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Sterling traded choppily and within a wide range, ahead of a summit where EU leaders will discuss their future trade relationship with the UK.

The pound slipped 0.5 per cent against the dollar to $1.2869 in early dealings. It then reversed course, rising 0.5 per cent to $1.2997, after a Bloomberg report suggested the UK would stick with talks beyond an October 15 deadline.

Against the euro, sterling started the morning 0.3 per cent lower at €1.0981. The single currency, however, recouped those losses to climb 0.4 per cent to €1.1061 in the afternoon.

London’s exporter-heavy FTSE 100 index tracked the pound’s swings, opening 0.5 per cent higher before moving 0.3 per cent lower.

At the EU summit starting on Thursday, European leaders are expected to forge their own negotiating plan with Britain, as the deadline for the UK leaving the bloc’s single market and customs union on December 31 looms.

“The more time goes on, the more likely it looks that no deal will happen,” said Peter Westaway, chief economist for Europe at Vanguard.

But he added that the difference between no deal and a basic trade deal, which meant zero tariffs or quotas but maintained supply chain disruptions, was “slight”.

Ian Tew, a sterling trader at Barclays, said that although the pound was highly sensitive to any hints of sentiment about Brexit, “the market is reacting and acknowledging the tail risk of a no deal”.

The “recent rhetoric and the no-deal phrase is being expressed quite frequently”, he added, raising concerns that “these talks lead to further negativity”.

In European equities, the region-wide Stoxx 600 traded flat, tracking US stock market futures, which pointed to Wall Street also opening little changed.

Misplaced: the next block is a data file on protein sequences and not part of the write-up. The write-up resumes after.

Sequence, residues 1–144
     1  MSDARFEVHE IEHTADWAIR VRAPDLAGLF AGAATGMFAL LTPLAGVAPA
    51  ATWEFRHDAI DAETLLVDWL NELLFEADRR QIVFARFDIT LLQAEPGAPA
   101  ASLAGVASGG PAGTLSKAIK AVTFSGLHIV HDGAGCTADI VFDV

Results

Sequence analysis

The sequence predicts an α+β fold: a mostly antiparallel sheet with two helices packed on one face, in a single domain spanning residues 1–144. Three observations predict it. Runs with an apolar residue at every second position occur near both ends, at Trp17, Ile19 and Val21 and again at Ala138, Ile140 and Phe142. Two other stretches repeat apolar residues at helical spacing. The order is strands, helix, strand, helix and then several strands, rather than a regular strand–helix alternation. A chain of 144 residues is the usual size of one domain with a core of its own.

Contracts betting on the top 100 stocks in the technology-heavy Nasdaq rose 0.2 per cent, while S&P 500 futures were flat.

The large-cap index gained almost 4 per cent last week, as polls forecast a decisive November election victory for Donald Trump’s Democratic challenger Joe Biden who, in the event of becoming president, is expected to unleash more than $2.2tn of fiscal stimulus into the pandemic-scarred economy.

That exuberance faded on Tuesday when two major drug companies, Johnson & Johnson and Eli Lilly, halted trials of an experimental Covid-19 vaccine and therapy, respectively, because of safety concerns.

In debt markets, traders continued snapping up bonds issued by economically weaker eurozone nations, in the expectation that the European Central Bank would expand its scheme to buy the securities to bolster financial stability through the pandemic.

The yield on Italy’s 10-year bonds, which moves inversely to prices, hovered around a record low at 0.659 per cent. Greece’s 10-year bonds followed the same pattern, yielding 0.788 per cent.

On Tuesday, Italy for the first time issued bonds that pay buyers no interest. With eurozone consumer prices falling and coronavirus cases rising, investors are betting that the ECB will boost the size of its pandemic emergency purchase programme from its current €1.35tn in the coming months.

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